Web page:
THE PHILIPPINES asked the Asian Development Bank (ADB) to expand its loan portfolio in the next five years to give developing member countries greater access to credit as they recover from the pandemic.

“In order to be responsive to critical needs, the ADB must level up. Specifically, there is a need for the bank to seriously consider a substantial expansion in its loan portfolio in the next five-year period,” Finance Secretary Carlos G. Dominguez III said during the ADB Governors’ seminar at the bank’s 54th annual meeting held virtually on Monday.

“This will effectively support its member countries’ recovery even if this brings forward the need for a capital increase,” Mr. Dominguez said.

ADB President Masatsugu Asakawa responded positively, saying the multilateral bank was able to increase its lending last year to a record high of $32 billion. This was 32% higher than 2019’s $24 billion.

Mr. Dominguez said the bank served as a “prime vehicle for regional cooperation,” especially last year when ADB provided the financing that the Philippine government needed to respond to the crisis promptly.

In the Philippines, the bank’s total lending reached an all-time high of $4.24 billion in 2020, with 56% or $2.39 billion of which financed the government’s pandemic response.

The ADB also set a $3.9-billion lending program for the country this year, which includes the $400-million loan for vaccine procurement.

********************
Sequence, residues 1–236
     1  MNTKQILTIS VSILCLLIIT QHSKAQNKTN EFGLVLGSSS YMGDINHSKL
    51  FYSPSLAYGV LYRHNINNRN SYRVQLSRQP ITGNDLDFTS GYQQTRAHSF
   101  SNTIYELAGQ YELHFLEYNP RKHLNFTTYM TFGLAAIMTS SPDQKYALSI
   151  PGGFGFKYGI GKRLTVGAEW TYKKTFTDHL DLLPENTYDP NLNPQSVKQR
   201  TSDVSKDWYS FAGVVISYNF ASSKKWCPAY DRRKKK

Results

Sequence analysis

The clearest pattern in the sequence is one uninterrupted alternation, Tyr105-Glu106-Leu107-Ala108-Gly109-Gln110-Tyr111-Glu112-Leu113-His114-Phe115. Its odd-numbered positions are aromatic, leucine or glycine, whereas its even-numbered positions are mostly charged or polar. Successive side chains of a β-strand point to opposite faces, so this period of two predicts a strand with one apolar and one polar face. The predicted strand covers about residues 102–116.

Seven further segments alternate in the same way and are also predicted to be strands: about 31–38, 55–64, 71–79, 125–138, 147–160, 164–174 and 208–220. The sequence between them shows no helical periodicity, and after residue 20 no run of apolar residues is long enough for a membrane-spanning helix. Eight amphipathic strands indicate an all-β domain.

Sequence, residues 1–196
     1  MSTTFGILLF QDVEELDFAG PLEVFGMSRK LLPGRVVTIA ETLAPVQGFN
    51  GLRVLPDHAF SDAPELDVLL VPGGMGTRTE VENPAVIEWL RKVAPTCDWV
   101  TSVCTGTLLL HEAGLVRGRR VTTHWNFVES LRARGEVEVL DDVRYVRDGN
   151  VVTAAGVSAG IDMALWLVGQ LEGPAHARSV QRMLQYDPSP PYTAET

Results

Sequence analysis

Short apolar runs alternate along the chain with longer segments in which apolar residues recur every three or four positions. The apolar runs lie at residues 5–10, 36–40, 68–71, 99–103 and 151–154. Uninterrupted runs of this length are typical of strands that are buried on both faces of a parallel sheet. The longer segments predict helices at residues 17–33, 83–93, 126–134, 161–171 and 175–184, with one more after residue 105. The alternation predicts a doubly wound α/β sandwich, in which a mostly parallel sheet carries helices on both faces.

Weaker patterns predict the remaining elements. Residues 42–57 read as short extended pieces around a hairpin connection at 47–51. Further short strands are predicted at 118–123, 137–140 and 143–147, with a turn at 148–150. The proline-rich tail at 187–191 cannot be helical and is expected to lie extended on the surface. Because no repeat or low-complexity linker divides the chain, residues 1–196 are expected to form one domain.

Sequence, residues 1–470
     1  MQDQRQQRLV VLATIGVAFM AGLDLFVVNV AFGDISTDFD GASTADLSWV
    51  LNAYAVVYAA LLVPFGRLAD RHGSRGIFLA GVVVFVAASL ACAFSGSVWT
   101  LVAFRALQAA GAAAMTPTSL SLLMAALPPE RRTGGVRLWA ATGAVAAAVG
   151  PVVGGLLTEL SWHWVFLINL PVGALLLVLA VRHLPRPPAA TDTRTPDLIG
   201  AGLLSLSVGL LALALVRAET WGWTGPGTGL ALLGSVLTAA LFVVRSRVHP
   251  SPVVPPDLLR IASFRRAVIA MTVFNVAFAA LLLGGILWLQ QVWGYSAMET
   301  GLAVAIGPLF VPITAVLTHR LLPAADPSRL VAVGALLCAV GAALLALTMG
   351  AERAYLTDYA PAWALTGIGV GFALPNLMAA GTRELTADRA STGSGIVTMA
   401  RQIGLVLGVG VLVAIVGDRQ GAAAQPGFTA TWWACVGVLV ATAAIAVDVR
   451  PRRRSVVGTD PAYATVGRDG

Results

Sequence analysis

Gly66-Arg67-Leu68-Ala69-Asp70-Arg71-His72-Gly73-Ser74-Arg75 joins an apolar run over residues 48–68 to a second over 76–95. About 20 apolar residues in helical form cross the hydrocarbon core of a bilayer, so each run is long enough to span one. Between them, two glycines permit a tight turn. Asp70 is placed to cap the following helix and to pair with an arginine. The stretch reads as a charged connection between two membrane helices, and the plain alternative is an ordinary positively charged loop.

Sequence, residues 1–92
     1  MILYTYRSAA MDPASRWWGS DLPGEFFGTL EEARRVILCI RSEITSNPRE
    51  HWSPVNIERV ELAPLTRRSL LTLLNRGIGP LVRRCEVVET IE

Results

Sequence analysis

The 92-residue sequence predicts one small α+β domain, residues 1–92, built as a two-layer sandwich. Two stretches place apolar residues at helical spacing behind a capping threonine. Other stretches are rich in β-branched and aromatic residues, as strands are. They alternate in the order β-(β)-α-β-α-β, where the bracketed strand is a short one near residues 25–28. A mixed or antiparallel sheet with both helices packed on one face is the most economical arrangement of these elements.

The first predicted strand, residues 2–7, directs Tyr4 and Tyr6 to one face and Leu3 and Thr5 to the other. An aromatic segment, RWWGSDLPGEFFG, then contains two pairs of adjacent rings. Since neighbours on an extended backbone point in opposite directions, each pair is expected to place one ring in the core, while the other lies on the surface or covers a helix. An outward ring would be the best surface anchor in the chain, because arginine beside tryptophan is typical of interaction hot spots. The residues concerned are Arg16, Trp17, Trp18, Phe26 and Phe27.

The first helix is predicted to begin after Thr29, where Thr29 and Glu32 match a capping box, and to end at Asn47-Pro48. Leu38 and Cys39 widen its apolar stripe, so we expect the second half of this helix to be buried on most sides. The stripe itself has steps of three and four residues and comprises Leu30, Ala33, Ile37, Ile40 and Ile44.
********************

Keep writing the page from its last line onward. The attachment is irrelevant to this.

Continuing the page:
“The effort to revive our economies will be a long one. Developing countries need access to financial resources to boost healthcare systems and build resiliency against new virus outbreaks. We also need to support the recovery of the sectors that were severely affected by the contagion,” Mr. Dominguez said.

At an earlier session on Monday, Mr. Asakawa said developing economies should gradually reduce their reliance on external financing to support their programs and instead, boost their capacity to generate more revenues through taxation.

He said a robust source of domestic resources could help governments keep their fiscal standing sustainable.

“Every developing country is under enormous pressure on budget and public debt resulting from large-scale countercyclical fiscal expenditures,” Mr. Asakawa said.

“DMCs (developing member countries) should try to rely less and less on external financing, by enhancing its domestic resources to make their financial structure viable and domestic resources, which mainly means tax revenues,” Mr. Asakawa said.

“If you look at a tax to GDP (gross domestic product) ratio in our region, it’s relatively low compared with the world average. In other words it can be interpreted that there is much room to increase our tax revenue by either restructuring our tax policy and/or by enhancing our tax administration efficiency and capability,” he added.

The ADB announced last year that it would set up a regional tax for its developing member economies to improve domestic resource mobilization and international tax cooperation. — Beatrice M. Laforga